Cardiac arrest rugby player Ross Cornwell's defibrillator push

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An action shot of Ross Cornwell playing rugbyImage source, Spencer Love Photography
Image caption,
Ross Cornwell said tests were unable to identify an underlying condition

An amateur rugby player who suffered a cardiac arrest has kickstarted a campaign for all grounds in Wales to be fitted with defibrillators.

Ross Cornwell, 28, was watching a Premiership clash between his old team Bargoed and Ebbw Vale when he collapsed two months ago.

His life was saved by the teams' medics, who used a defibrillator on the side of the pitch.

Mr Cornwell has now been made a patron of the charity Welsh Hearts.

Image source, Getty Images
Image caption,
Welsh Hearts is calling for all rugby grounds to have defibrillators pitch side

The charity is calling for all rugby grounds to have defibrillators pitch side - and not just in club houses.

He said: "I was stood on the side, literally just standing still. I felt suddenly light headed and then next thing I knew then I was waking up on the side of the rugby pitch.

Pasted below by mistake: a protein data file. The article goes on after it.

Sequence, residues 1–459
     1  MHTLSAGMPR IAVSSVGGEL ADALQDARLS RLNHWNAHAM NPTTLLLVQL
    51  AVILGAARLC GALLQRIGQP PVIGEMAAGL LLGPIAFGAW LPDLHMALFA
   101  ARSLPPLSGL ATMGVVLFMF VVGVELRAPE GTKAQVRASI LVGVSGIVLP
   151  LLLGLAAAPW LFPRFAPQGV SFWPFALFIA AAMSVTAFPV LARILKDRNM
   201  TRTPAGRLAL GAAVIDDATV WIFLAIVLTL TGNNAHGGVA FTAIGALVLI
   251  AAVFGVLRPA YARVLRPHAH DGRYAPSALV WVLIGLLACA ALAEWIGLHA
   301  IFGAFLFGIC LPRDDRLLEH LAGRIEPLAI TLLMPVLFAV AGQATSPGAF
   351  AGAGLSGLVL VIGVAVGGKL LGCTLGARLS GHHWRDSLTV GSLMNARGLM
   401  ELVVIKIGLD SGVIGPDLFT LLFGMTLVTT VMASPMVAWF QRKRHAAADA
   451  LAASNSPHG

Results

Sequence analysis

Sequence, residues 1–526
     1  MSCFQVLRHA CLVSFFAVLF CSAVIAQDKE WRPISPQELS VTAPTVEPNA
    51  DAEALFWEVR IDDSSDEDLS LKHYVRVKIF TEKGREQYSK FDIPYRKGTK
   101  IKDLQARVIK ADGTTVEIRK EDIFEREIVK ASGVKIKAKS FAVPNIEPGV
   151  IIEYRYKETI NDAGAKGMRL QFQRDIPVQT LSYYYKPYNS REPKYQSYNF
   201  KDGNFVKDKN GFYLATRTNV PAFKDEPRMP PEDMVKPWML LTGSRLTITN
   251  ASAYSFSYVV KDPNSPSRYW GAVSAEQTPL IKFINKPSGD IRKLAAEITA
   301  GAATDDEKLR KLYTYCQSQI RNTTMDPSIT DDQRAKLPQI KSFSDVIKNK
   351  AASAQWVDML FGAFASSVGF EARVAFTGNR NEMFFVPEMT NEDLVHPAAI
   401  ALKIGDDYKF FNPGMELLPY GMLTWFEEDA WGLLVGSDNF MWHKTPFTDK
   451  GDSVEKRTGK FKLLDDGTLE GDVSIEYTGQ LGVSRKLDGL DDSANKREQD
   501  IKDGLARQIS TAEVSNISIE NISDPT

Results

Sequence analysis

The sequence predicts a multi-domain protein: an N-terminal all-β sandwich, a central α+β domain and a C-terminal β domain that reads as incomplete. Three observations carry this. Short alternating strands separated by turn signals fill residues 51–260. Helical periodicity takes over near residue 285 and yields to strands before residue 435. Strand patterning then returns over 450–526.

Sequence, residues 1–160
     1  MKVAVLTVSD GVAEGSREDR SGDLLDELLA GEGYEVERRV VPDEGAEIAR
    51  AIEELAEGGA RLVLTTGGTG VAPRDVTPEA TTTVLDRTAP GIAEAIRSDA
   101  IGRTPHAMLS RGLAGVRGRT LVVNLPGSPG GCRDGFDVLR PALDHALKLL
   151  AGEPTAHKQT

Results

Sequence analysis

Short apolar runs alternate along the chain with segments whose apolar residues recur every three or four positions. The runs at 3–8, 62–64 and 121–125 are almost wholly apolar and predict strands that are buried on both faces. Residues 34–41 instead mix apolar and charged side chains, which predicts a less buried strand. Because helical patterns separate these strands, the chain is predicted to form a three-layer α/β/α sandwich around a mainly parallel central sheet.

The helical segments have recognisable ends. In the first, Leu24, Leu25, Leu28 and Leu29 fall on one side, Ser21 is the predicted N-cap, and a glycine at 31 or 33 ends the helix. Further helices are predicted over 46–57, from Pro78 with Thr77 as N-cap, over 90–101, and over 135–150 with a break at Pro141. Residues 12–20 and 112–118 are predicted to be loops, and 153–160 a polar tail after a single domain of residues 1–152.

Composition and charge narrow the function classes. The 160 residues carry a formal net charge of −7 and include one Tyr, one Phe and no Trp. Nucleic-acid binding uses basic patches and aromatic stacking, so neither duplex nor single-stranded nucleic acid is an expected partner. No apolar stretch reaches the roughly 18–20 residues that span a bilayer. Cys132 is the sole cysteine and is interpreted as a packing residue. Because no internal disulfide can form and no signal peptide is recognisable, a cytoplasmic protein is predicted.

"First of all I thought I'd just fainted. It wasn't until I got the hospital I realised what had happened was a lot more serious."

The match was abandoned as players and spectators watched him being attended to before an ambulance arrived.

The Newbridge RFC player is now facing an early retirement after surgery to have a new type of defibrillator implanted inside his body.

Image source, Ross Cornwell
Image caption,
Ross Cornwall is now facing an early retirement after surgery

He is now due to marry his fiancé, Lauren Deneen. She said he's lucky to be alive as he was planning to stay at home the day he collapsed.

"I've never done CPR in my life, I don't know what I would have done. If it wasn't for that device he wouldn't be here," she said.

The WRU says all of its professional regions and Premiership teams are required to have defibrillators.

There are 260 full member clubs and 44 district members clubs as well as the four professional regions.

A WRU spokesman said: "The welfare of players, volunteers and spectators at all clubs around Wales is of paramount importance to us as a Union and we will continue to work with partners such as Welsh Hearts and St Johns Cymru to provide opportunities for grassroots clubs to have the best possible first aid provision and equipment."

Welsh Hearts said it has installed 50 to 60 defibrillators already.

However, officials from the charity say they "particularly concerned" about grassroots clubs.

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